After 15 years of writing policy papers and serving as experts in the media, The Foundation for Individual Rights in Education (FIRE), a small branch of the vast-spanning Koch billionaire-funded network, has emerged from the shadows to mount an aggressive lawsuit campaign targeting campus policies and forcing universities to pay for what they deem “First Amendment” offenses.
The result of the onslaught of lawsuits brought by FIRE will likely be sweeping changes in the way speech is carried out in day to day campus life — based on policies penned from “libertarian” interpretations of speech, often written by the right-wing group themselves.
The group itself is not limiting itself to speech policies, however, as we previously reported. FIRE has been working with students accused of sex crimes on campus and plans to litigate on their behalf.
The implications and the fast-moving nature of the flurry of lawsuits is a bit terrifying. The funding behind them seems to have come out of nowhere. But rest assured, it’s a well-orchestrated onslaught. There’s been very little coverage so far of what’s happening. Vulnerable universities and colleges are folding to pressure – settling these cases out of court and permanently rewriting their school’s policies – for better or worse.
The Stand Up For Speech Litigation Project
In June, 2013, FIRE put out a press release announcing what it termed the “Stand Up For Speech Litigation Project.”
According to a press release published at the right-leaning Accuracy in Academia project, the project goal was “to eliminate unconstitutional speech codes at universities by targeting First Amendment violations and initiating lawsuits.” Libertarian attorney Robert Corn-Revere was to serve as the leading counsel to students and faculty members “participating” in the project — i.e. bringing lawsuits against the universities who they believed were running afoul of the First Amendment.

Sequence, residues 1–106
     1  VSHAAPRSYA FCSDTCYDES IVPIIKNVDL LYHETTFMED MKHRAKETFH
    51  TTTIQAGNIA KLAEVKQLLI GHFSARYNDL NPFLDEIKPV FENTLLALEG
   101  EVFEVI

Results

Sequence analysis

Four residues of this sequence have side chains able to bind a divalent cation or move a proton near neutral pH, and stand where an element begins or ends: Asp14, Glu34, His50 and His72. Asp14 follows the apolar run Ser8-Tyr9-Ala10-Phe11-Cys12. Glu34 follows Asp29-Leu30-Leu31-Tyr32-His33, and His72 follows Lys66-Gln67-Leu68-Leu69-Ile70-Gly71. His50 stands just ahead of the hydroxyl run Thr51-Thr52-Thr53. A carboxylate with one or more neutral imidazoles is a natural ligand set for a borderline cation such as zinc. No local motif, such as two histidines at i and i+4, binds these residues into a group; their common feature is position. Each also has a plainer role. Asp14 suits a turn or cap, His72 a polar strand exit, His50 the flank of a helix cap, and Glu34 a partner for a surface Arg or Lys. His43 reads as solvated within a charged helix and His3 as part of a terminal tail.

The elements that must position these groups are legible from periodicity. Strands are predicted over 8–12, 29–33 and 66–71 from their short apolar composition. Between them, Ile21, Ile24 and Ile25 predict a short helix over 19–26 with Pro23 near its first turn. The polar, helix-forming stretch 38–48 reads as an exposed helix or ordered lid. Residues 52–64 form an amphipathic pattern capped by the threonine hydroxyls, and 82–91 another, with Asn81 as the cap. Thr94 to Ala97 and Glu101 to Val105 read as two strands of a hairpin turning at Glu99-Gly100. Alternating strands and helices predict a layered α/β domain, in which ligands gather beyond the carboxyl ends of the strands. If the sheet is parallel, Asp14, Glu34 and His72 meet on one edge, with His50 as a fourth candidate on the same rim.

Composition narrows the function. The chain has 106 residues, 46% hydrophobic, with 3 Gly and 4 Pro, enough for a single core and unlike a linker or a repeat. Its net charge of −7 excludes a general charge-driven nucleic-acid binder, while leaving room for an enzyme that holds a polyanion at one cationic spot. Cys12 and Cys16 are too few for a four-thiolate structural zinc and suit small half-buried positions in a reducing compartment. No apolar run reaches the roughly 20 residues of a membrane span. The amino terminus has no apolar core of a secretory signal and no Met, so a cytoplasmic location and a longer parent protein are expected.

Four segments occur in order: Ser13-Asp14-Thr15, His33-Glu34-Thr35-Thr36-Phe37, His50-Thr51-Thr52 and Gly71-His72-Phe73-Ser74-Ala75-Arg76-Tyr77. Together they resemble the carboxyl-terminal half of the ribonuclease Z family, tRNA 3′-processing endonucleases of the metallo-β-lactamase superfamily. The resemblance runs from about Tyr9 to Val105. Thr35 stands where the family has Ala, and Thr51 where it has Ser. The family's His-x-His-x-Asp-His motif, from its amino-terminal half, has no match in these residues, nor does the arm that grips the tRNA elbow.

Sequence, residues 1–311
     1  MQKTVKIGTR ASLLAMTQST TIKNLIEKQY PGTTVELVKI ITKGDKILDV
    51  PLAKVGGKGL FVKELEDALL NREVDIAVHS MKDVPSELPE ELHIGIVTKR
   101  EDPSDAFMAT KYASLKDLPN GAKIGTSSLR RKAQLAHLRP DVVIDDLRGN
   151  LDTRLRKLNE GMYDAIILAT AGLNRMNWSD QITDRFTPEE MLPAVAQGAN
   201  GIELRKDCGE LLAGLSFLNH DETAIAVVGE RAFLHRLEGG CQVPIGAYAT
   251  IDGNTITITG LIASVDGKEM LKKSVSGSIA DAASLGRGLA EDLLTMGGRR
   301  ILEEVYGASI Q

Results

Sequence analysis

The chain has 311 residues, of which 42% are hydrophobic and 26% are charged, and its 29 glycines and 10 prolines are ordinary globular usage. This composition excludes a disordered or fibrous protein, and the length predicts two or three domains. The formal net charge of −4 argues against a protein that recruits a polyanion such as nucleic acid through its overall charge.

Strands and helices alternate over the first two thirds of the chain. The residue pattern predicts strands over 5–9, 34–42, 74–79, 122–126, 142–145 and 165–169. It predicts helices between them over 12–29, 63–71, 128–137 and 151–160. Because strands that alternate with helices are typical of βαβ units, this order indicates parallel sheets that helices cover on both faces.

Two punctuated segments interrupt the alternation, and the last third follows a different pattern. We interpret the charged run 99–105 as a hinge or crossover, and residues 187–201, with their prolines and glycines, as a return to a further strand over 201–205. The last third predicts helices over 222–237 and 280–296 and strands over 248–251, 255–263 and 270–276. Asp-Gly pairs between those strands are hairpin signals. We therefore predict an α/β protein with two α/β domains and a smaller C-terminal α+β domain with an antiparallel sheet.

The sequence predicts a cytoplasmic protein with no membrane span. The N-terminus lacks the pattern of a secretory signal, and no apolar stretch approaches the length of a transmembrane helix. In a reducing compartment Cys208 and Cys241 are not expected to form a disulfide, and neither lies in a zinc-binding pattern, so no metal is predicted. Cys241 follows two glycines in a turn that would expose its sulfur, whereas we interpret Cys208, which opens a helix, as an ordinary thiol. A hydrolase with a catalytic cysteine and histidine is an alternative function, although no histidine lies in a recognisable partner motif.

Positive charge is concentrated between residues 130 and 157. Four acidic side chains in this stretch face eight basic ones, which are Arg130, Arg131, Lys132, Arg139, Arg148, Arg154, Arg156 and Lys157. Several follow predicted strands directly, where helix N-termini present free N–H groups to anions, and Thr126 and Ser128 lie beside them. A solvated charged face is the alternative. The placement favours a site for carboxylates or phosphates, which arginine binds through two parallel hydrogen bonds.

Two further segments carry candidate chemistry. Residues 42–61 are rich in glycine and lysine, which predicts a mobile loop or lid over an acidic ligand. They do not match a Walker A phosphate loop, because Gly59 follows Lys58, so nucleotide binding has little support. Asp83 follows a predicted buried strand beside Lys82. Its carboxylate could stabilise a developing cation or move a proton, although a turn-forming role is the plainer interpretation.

“For 15 years, FIRE has fought for free speech on campus using public awareness as our main weapon, but more is needed,” said FIRE President Greg Lukianoff, “We have already coordinated two lawsuits in the past nine months, and this morning we brought four more.”
The lawsuits are quick-hitting complaints on basic first Amendment issues — incidents that could probably have been resolved without suing and robbing the schools of much-needed funds. But that’s that’s not the purpose of the lawsuits. They’re basically a method of suing schools into submission.
The litigation itself was designed to be settled out of court for small lump sums and force the schools to revise their policies to adhere to FIRE’s interpretation of the First Amendment, the press release explained:
“For example, the lawsuit against Modesto Junior College in California was filed after a security guard and a staffer told a student that he couldn’t pass out copies of the Constitution on Constitution Day 2013. The College settled the lawsuit for $50,000 and made policy revisions.”
On September 17, 2014 — Constitution Day — FIRE announced they had mailed out 300 letters threatening schools with legal action if they did not immediately amend their policies: